Photoactivism and photojournalism

In an effort to build this critical vision, photojournalism becomes photoactivism. The Fotomovimiento collective describe it thus: “The difference between a photojournalist and a photoactivist is that the first reaches a certain place and takes photographs, working to sell their images. Photoactivists, if we wish, stay there, not depending on anyone, being part of events, becoming integrated and forming part of the protests, taking a stance and taking our own decisions”. But what happens when that position leads to a dilemma about whether to intervene and help out the people around you or take photos that could denounce the situation?

“You end up forging relationships, sometimes too close, with people you can’t help as much as you’d like to”

False dilemma between intervening or taking photos

The case of refugee camps is paradigmatic: when professionals arrive to take photos and denounce the situation of refugees, they often find that hands-on help is needed for daily tasks, putting up tents or transporting food and clothing.

David thinks that these two things go hand in hand, as its precisely about becoming somehow involved, and providing a helping hand is a necessary part of producing an accurate account. He adds: “It’s unavoidable”. According to Mònica, “arriving and being able to offer guidance and support is one of the things that makes us ‘human’, but it’s also a tie that can hurt us more, as you end up forging relationships, sometimes too close, with people you can’t help as much as you’d like to and, going back to the invasion of privacy, it sows further doubt in you. I stopped taking photos for nearly a year because one day, while I was in a tent with one of the families in the Idomeni camp, a photographer came past and took a photo of us. I questioned our role there, thought it over for a long time, and in the end I reached the conclusion that we have to take photos to be able to denounce it. But without ever losing respect for the other”.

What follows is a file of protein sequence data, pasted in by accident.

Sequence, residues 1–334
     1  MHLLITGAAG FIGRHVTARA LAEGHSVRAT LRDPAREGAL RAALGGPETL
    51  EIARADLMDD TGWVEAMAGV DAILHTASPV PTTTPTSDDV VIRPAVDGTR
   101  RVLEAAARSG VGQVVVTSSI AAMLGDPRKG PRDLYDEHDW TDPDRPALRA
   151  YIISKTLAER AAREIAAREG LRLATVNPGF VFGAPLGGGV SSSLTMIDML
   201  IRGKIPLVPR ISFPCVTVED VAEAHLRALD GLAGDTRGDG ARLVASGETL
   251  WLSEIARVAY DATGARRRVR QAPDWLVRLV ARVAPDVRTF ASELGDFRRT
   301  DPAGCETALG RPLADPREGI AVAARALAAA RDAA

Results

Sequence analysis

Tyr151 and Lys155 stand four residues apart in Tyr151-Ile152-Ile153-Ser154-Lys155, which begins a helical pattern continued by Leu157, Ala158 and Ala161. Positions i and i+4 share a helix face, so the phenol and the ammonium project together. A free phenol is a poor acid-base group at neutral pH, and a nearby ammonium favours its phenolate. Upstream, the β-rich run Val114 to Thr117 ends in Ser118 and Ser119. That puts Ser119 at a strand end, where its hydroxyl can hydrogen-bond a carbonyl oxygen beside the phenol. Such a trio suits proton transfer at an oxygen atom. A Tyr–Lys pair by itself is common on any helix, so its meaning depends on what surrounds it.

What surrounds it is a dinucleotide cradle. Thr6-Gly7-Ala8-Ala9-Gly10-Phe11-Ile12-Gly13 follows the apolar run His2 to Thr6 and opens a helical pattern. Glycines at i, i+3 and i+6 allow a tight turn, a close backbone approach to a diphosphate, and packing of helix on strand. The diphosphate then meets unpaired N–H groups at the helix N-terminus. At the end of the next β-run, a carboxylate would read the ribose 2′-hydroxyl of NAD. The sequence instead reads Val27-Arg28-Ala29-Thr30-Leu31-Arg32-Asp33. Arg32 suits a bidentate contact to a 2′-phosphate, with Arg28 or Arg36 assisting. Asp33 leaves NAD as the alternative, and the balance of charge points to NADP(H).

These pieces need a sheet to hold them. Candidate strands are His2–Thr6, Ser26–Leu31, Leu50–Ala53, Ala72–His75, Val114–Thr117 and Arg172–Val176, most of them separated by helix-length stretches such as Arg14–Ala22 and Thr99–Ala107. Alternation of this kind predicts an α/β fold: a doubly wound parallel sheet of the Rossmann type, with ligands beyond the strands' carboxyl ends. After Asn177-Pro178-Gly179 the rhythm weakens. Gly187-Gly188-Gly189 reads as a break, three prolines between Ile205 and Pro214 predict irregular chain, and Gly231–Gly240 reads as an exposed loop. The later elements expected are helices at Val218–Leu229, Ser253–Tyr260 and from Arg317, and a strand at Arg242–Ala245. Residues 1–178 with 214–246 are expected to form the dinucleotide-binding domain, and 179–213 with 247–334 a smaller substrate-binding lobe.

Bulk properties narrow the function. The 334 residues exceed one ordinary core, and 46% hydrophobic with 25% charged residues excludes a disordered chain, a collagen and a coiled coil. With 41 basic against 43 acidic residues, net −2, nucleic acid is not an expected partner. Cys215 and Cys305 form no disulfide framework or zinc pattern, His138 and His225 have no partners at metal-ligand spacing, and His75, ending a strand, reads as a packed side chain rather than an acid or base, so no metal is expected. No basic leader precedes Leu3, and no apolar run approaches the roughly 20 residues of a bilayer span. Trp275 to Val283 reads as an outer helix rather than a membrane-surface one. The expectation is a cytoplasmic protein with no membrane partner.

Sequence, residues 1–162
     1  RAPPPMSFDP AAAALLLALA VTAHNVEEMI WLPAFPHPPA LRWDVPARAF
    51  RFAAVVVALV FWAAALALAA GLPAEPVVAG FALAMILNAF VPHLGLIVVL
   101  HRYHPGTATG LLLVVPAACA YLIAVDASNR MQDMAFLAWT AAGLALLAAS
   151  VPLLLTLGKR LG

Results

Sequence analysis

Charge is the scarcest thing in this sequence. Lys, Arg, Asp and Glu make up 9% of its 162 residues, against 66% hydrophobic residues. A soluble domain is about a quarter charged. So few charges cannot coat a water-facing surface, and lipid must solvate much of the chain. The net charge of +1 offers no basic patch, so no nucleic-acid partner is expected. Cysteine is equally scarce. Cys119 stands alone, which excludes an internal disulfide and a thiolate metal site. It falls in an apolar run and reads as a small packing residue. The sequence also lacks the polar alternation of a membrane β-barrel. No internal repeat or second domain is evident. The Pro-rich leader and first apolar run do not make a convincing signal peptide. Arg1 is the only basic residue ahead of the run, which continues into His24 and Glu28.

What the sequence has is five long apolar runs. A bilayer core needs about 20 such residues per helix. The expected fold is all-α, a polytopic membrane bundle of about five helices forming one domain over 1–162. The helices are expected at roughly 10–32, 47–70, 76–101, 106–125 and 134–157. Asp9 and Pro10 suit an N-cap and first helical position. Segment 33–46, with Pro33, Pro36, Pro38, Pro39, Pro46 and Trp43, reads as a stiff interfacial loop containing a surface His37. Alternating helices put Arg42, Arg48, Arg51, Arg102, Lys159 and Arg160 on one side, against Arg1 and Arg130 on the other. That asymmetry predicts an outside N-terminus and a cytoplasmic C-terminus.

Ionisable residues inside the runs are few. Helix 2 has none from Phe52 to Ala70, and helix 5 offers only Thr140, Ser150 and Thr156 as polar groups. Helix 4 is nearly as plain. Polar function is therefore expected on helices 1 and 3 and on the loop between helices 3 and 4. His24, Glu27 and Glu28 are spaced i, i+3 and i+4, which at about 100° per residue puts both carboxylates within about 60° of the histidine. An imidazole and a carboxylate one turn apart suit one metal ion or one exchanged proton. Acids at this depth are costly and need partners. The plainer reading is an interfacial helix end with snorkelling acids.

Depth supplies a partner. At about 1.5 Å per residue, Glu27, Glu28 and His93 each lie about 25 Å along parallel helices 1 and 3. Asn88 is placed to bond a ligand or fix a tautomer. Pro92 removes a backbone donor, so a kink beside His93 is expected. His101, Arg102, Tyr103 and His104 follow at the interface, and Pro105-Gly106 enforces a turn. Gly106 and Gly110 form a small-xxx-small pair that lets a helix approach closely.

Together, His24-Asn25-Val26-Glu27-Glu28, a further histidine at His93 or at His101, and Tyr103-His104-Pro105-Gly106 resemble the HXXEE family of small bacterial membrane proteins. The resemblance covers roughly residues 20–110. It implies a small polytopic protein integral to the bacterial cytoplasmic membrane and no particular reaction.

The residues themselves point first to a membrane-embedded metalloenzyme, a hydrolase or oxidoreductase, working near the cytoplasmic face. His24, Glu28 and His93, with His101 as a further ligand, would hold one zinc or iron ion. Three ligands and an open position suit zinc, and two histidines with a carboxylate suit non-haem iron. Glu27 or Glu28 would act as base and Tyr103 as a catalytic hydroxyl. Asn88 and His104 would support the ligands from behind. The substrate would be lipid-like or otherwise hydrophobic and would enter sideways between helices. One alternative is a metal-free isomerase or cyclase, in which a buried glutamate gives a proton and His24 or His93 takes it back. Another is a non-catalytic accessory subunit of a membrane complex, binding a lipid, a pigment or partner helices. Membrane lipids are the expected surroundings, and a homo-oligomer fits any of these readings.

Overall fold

Laia and Edu, from Ruido Photo, are in no doubt that their task is to show the world images which can stir people’s consciousness. They explain: “Since the Kevin Carter photo, of the boy with the vulture behind him, it seems as if being able to save somebody is often in our hands, but that’s not the case. Of course, the person has to come before the photo, but the thing with the camps is more as support as collaborators, and we have to be careful here, as the professional organisations working on the ground (Open Arms, Red Cross etc.) warn that volunteers can’t be sent unless they’re professionals at the tasks required. One thing is helping put up a tent, but depending on types of logistics tasks and psychological support, they have to be professionals.

Constantly questioning images

From the racist reports in National Geographic (which ended up recognising them a year ago) to the internal debate and contradiction of journalist activists, there’s a whole grayscale within which certain journalists work, some more rigorously and others more sensationally. The need for immediate information and the existence of a dominant discourse on phenomena such as immigration, poverty and armed conflicts means that important media channels often stick with the images which have the most impact, without applying many ethics filters. But the emergence of new alternative media, which moves away from quick and superficial analysis, paves the way for the issue of the ethics of images to be at the heart of the debate.

This Refuge City website, in keeping with the need to cover the reality of refuge from a critical and considered perspective, therefore uses the Sueños Refugiados project for the photos on its home page.

Images by Ruido Photo, Fotomovimiento and Càmeres i Acció.